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Pathog Dis. 2016 Apr;74(3). pii: ftw013. doi: 10.1093/femspd/ftw013. Epub 2016 Mar 2.

Biofilm formation by multidrug resistant Escherichia coli ST131 is dependent on type 1 fimbriae and assay conditions.

Author information

1
School of Chemistry and Molecular Biosciences, University of Queensland, Brisbane, Queensland 4072, Australia Australian Infectious Disease Research Centre, University of Queensland, Brisbane, Queensland 4072, Australia Institute of Health and Biomedical Innovation, Queensland University of Technology, Kelvin Grove, Queensland 4059, Australia School of Biomedical Sciences, Queensland University of Technology, Kelvin Grove, Queensland 4059, Australia.
2
Institute of Health and Biomedical Innovation, Queensland University of Technology, Kelvin Grove, Queensland 4059, Australia.
3
School of Chemistry and Molecular Biosciences, University of Queensland, Brisbane, Queensland 4072, Australia Australian Infectious Disease Research Centre, University of Queensland, Brisbane, Queensland 4072, Australia.
4
Institute of Health and Biomedical Innovation, Queensland University of Technology, Kelvin Grove, Queensland 4059, Australia School of Biomedical Sciences, Queensland University of Technology, Kelvin Grove, Queensland 4059, Australia makrina.totsika@qut.edu.au.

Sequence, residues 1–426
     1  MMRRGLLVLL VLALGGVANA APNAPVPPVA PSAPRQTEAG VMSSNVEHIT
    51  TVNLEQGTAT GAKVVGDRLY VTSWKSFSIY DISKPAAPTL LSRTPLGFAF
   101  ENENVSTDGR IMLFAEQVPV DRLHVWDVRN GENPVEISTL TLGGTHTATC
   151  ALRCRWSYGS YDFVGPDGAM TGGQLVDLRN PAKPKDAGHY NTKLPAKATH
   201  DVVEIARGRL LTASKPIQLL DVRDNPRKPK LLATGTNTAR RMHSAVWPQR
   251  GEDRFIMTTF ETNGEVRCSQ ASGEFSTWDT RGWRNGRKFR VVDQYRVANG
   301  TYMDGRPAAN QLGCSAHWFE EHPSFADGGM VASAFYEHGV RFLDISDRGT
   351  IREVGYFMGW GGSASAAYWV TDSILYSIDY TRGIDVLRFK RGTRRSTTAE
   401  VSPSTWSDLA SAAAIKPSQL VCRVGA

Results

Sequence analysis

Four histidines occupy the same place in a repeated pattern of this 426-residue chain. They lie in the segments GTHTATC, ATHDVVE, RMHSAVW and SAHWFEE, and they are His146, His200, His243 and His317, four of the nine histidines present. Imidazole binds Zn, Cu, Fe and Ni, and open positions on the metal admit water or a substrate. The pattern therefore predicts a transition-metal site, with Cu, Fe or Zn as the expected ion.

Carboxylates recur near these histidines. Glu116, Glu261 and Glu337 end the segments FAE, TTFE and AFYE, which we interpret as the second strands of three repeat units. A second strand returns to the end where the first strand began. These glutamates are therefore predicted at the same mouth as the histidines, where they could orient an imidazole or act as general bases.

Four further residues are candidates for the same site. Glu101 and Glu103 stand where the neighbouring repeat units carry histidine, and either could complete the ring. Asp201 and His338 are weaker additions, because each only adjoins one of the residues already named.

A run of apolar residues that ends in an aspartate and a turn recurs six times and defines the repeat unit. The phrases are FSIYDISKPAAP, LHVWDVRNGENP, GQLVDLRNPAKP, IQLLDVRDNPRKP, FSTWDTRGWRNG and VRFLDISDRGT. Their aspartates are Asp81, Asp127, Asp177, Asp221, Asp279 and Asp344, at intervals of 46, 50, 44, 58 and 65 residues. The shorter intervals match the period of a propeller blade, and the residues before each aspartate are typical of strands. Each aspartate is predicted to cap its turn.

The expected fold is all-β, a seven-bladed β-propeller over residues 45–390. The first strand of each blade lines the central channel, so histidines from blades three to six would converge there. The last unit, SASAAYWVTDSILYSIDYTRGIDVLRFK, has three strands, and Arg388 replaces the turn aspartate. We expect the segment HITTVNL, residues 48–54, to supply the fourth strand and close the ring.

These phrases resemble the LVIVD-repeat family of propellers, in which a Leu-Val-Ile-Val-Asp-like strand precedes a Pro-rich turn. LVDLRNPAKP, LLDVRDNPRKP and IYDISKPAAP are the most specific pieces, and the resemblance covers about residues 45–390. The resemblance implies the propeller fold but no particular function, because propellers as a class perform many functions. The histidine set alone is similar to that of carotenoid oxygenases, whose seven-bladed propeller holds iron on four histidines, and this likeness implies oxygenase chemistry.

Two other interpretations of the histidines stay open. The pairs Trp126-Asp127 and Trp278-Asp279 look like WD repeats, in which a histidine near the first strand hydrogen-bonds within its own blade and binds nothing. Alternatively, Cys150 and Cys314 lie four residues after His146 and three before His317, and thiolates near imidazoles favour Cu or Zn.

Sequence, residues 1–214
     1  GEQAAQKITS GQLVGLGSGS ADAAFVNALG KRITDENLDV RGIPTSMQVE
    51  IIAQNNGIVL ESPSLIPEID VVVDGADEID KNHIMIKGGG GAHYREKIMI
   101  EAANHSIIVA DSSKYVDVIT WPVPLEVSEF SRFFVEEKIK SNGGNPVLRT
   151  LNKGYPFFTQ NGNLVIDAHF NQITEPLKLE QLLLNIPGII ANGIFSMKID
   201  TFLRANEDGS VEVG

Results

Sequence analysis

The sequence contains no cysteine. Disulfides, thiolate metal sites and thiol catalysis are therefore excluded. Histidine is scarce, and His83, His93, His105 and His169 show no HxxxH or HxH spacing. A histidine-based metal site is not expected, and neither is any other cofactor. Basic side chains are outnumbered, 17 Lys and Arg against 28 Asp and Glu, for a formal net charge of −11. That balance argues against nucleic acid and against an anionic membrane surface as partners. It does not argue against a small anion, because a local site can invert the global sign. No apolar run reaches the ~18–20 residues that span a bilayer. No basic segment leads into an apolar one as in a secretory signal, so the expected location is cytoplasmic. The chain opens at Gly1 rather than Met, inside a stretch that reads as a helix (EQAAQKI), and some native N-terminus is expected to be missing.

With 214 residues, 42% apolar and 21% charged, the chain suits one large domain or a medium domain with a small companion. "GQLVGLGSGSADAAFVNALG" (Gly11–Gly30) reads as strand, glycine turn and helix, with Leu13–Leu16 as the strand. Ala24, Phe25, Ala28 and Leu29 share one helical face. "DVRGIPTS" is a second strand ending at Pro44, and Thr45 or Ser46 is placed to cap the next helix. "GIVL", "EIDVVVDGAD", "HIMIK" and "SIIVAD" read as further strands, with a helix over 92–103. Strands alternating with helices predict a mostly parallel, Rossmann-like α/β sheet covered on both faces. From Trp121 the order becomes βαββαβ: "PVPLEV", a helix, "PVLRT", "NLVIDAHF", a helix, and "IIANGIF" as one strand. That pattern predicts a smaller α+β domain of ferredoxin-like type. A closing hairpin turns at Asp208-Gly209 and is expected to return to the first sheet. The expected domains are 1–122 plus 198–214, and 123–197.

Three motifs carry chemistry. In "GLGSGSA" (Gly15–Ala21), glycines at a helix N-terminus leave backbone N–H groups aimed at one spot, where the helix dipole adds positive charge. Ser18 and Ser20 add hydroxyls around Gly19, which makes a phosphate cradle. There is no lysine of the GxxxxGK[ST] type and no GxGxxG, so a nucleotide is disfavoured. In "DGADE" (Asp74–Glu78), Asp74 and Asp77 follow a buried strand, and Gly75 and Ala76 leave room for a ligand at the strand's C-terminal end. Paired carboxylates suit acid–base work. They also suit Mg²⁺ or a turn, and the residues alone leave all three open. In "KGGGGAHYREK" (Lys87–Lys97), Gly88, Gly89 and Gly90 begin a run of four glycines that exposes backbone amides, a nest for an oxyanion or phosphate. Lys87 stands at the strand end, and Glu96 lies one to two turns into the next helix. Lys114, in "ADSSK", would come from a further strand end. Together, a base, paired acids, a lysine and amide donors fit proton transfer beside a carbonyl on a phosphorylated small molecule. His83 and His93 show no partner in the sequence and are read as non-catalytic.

Abstract

Escherichia coli sequence type 131 (ST131) has emerged as a pandemic lineage of important multidrug resistant pathogens worldwide. Despite many studies examining the epidemiology of ST131, only a few studies to date have investigated the capacity of ST131 strains to form biofilms. Some of these studies have reported contrasting findings, with no specific ST131 biofilm-promoting factors identified. Here, we examined a diverse collection of ST131 isolates for in vitro biofilm formation in different media and assay conditions, including urine from healthy adult women. We found significant differences among strains and assay conditions, which offers an explanation for the contrasting findings reported by previous studies using a single condition. Importantly, we showed that expression of type 1 fimbriae is a critical determinant for biofilm formation by ST131 strains and that inhibition of the FimH adhesin significantly reduces biofilm formation. We also offer direct genetic evidence for the contribution of type 1 fimbriae in biofilm formation by the reference ST131 strain EC958, a representative of the clinically dominant H30-Rx ST131 subgroup. This is the first study of ST131 biofilm formation in biologically relevant conditions and paves the way for the application of FimH inhibitors in treating drug resistant ST131 biofilm infections.

KEYWORDS:

FimH; UTI; flow cell; infection; urine; uropathogenic E. coli

PMID:
26940589
DOI:
10.1093/femspd/ftw013
[Indexed for MEDLINE]

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